Even toddlers as young as 17 months old can perceive social dominance, say researchers, and also anticipate that dominant people will receive more rewards.
“This tells us that babies are sorting through things at a higher level than we thought. They’re attending to and taking into consideration fairly sophisticated concepts,” says study co-leader Jessica Sommerville, a psychology professor at the University of Washington.
Here’s the original study.
This mother wrote a piece about her children, and her screens.
“Put… down… your phone,” sputtered my ruddy-cheeked, then 20-month-old toddler, tightly clutching her Dr Seuss’ Mr Brown Can Moo board-book.
It was one of her first complete sentences.
Friends who are parents of older children tell us unanimously to delay the introduction of personal digital devices and to regulate screen usage thereafter. Children will have no problems mastering them later, they say.
Of course not. They’re large market consumer devices. They’re easy enough for anyone to use. They’re not challenging. That’s the point — easy, habitual use.
My three children, now in kindergarten and nursery, neither watched television nor played with personal digital devices the first two years of their lives. The screen embargo was lifted temporarily on only two occasions: for the National Day Parade live telecast and for FaceTime when my husband travelled abroad.
Our television set was a white elephant. I consider this a feat, given how we used to eagerly catch the latest programmes in our once child-free life. (Game Of Thrones in recent years? BBC’s Sherlock? Forget it.)
But I suppose these efforts were well worth it. We enjoyed our children climbing onto our laps and clamouring to be read to, embarking on “good old-fashioned” pursuits like climbing at the playgrounds, doodling, dancing and simply goofing around – activities we loved for growing their imaginations.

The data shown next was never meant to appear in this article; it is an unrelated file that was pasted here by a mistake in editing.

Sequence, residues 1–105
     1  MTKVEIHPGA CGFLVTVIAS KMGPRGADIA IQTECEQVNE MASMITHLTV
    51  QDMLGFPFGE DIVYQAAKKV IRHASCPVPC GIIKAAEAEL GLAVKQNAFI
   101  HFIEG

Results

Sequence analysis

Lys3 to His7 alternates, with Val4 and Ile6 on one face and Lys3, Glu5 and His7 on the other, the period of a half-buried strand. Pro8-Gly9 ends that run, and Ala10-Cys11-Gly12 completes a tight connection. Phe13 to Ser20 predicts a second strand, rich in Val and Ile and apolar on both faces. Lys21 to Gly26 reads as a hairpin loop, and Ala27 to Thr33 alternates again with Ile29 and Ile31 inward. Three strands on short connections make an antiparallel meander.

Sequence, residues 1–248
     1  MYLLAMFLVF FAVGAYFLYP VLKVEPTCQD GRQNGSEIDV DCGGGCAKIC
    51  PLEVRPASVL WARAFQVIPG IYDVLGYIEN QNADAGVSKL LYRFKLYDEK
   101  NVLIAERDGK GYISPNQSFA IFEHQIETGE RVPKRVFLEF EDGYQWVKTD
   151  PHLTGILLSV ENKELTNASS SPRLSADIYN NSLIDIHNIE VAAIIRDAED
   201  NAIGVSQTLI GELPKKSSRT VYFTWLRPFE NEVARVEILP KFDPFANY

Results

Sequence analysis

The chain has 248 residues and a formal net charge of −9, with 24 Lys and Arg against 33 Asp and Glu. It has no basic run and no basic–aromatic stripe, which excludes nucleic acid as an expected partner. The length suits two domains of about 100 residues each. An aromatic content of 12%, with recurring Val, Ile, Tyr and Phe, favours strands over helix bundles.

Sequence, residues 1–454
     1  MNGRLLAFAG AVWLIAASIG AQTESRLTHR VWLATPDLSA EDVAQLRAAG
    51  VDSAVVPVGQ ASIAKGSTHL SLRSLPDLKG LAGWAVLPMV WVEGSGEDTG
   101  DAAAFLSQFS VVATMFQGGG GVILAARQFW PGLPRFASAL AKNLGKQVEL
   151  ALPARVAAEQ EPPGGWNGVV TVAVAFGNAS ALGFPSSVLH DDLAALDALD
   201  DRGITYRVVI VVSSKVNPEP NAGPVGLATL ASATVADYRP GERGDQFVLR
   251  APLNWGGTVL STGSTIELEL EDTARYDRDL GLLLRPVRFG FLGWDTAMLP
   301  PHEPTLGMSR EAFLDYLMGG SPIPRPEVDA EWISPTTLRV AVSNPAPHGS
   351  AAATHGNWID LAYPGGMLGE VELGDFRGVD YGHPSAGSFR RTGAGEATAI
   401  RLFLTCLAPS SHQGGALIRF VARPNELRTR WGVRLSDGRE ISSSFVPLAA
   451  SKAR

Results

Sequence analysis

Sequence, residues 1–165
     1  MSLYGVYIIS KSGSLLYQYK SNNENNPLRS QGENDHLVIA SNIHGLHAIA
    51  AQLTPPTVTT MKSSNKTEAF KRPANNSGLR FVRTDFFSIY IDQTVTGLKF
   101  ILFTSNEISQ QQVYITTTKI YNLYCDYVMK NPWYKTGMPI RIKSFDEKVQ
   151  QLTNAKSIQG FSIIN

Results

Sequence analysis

I high-fived my husband when my elder twins hit the age of two, before which the American Academy of Paediatrics recommended no screen exposure (although this guideline has recently been changed to 18 months).
Things my nana said are being proven by science again. If you take a nap now, you won’t sleep later.
The researchers used activity monitors to record a week’s worth of babies’ daytime naps, nighttime sleep and activity patterns. The results, published June 9, 2016, in Scientific Reports, showed a trade-off between naps and night sleep. Naps came at the expense of night sleep: The longer the nap, the shorter the night sleep, the researchers found. And naps that stretched late into the afternoon seemed to push back bedtime.
Children younger than three have already acquired the specific prejudices of their parents.
Monash University’s Associate Professor Kerry O’Brien said the findings indicate anti-fat prejudices are socially learned and children are picking up on them at a younger age than previously thought.
The anti-fat sentiments of the children studied had a “high correlation” to their mothers expressing those attitudes in a questionnaire carried out with the research.
“…the child’s mind can acquire culture at a much earlier age than has been generally supposed.” Attitudes, dispositions, preferences, everything that is culture is absorbed by the child from her environment.